Tuesday: 12:00 – 17:00
Sat & Holidays: 10:00-14:00
Sundays: Groups only
Curator: Shir Meller-Yamaguchi
Dalia Meiri’s installation was conceived in the first person plural. The artist replicated parts from her own body and her husband’s body, which she transformed into anonymous soldiers standing on parade, held in place by steel rods, as part of a human formation that has survived. Columns upon columns, they stand at the ready, naked, their gazes fixed forward vis-à-vis the vulnerability of their bodies. The clay chips with which they are covered remind us that man’s true battle is against the unknown time span allotted him: “For dust thou art and to dust thou shalt return.”
The installation was inspired by the Terracotta Army which Meiri saw in China two years ago in the Emperor’s Tomb in Xi’an, which left a strong impression on her. These life-size Terracotta Warriors were created more than two thousand years ago, to protect Emperor Qin Shi Huang on his journey to the next world and were positioned around his tomb. Some seven thousand archers, swordsmen, and cavaliers stand ready for battle. The endless work involved in the construction of these troops took a heavy toll on the people. After the Emperor’s passing the rebels, angry for his cruelty, broke into the tomb and smashed much of the clay army with their swords.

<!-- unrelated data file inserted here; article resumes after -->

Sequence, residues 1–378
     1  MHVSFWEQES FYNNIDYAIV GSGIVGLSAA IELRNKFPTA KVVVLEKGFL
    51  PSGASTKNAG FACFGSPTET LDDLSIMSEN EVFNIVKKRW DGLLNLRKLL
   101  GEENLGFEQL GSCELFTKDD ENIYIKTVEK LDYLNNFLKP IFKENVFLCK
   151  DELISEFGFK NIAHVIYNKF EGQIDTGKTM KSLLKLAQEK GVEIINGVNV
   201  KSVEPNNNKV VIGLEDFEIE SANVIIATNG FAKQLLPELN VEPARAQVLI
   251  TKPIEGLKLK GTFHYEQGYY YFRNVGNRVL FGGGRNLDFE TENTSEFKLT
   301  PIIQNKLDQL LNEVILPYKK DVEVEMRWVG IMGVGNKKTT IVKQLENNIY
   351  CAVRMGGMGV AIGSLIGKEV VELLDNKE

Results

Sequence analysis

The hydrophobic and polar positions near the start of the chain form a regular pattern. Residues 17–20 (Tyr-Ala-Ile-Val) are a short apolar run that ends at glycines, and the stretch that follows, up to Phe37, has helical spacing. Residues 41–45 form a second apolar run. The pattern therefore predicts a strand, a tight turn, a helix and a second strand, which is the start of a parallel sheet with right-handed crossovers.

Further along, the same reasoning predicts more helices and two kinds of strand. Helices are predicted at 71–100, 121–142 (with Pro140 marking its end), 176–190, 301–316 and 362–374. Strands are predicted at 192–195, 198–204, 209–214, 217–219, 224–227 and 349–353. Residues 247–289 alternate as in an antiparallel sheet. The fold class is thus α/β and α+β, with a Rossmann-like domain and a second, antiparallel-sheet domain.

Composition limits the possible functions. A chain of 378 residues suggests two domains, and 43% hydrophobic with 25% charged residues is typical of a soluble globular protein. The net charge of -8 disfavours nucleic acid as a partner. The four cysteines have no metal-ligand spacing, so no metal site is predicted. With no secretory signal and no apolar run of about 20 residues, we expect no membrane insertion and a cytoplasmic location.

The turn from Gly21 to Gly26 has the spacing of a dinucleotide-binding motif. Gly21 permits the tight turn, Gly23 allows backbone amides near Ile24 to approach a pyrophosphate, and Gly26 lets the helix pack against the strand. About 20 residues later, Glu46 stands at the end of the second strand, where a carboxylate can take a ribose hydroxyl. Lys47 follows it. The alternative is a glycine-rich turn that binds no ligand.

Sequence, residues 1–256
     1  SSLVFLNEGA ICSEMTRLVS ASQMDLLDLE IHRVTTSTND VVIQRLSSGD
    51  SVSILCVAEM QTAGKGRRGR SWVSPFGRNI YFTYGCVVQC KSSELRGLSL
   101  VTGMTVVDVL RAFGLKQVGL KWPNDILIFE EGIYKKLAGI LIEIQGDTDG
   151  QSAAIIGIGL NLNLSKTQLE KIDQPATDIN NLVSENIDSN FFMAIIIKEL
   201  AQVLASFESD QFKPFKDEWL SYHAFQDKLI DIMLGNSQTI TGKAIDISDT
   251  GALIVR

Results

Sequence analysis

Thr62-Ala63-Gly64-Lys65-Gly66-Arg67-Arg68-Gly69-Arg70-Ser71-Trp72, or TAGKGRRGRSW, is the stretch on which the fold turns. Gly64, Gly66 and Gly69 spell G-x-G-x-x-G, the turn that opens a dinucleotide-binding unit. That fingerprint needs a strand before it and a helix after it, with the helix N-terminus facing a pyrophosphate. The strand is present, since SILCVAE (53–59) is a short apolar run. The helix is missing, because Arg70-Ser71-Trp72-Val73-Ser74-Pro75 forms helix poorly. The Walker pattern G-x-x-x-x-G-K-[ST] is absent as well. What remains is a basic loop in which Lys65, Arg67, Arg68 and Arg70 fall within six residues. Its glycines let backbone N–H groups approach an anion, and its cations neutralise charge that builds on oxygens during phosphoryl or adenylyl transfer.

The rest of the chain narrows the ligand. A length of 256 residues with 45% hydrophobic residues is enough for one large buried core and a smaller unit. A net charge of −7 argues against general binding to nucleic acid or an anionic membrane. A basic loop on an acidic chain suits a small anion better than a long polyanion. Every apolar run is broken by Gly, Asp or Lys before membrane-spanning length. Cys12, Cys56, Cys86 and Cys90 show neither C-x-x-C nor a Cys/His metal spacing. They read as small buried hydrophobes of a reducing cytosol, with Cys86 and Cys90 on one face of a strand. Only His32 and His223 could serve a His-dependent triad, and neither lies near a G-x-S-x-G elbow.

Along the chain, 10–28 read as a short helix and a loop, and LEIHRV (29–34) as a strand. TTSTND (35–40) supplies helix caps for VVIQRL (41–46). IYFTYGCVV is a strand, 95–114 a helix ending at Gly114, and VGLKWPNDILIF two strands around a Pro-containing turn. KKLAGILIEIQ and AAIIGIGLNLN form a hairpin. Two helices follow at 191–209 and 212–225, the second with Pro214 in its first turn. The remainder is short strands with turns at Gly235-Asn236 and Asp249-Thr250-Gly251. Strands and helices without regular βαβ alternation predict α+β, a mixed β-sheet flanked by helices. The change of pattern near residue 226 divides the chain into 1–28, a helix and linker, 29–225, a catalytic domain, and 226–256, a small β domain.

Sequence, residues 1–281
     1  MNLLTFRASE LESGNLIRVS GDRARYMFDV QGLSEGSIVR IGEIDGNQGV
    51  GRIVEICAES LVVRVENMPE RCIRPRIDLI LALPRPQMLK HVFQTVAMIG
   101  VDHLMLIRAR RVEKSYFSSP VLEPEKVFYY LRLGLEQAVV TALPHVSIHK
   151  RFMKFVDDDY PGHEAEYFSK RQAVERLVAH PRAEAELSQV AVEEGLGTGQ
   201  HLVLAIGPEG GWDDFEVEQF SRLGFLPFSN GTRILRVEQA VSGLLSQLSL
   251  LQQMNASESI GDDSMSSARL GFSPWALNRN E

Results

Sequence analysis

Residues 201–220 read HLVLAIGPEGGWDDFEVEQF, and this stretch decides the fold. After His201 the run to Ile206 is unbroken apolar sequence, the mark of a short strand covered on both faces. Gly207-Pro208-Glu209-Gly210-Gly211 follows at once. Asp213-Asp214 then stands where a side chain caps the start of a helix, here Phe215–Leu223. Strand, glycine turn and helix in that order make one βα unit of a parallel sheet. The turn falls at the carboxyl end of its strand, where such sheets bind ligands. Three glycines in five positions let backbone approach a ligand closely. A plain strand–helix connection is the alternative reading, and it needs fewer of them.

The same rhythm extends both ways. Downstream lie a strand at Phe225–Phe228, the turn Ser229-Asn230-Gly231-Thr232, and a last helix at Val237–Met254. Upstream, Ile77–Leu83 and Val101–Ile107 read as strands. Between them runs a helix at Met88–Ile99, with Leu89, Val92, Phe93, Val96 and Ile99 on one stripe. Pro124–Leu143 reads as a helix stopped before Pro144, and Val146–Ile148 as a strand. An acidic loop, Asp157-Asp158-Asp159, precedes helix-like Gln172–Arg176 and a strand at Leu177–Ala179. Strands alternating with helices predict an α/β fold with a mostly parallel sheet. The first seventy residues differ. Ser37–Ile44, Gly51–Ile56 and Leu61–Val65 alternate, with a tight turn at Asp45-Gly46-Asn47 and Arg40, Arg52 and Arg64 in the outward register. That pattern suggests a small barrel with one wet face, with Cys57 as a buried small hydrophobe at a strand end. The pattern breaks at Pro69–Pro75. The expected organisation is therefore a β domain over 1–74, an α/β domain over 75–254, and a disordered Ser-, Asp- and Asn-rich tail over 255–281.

The terracotta fragments which survived from this ambitious endeavor to construct a grand army struck at the very heart of the theme interesting Meiri as an artist: the greatness and insignificance of human existence. Even prior to her visit to China, Meiri created a series of installations which addressed the strength and frailty of the human body. In Ex Voto—Golden Leaves (2002) presented at the Museum of Art, Ein Harod, she cast monumental body skeletons of a man and a woman in rebar, to which she attached golden “body masks” akin to offerings, or possibly death masks. Body sections also appeared in the installation Landscapes presented in 2003-04 at the Commemoration Center Gallery, Tivon. A fortified wall was constructed from concrete casts of a male (her husband’s) torso placed one atop the other along several meters.
The human wall she erected strives to explore the notion of “manpower.” Meiri always confronts power in relation to man. Thus, for example, her large-scale stone sculptures adapt nature to a human scale. When she left her stone sculptures to return to sculptures of the human body, Meiri related to the body as if it were a building, although not necessarily a permanent one.
The figure shells in the terracotta shards parade are united; for a split second it seems that their joint power suffices, but the power in the installation stems not from the body’s strength, but rather from recognition and acceptance of its ephemerality. The installation invites one to explore the configuration of external forces as opposed to man’s inner powers, those that are not necessarily perishable…
Shir Meller-Yamaguchi, Curator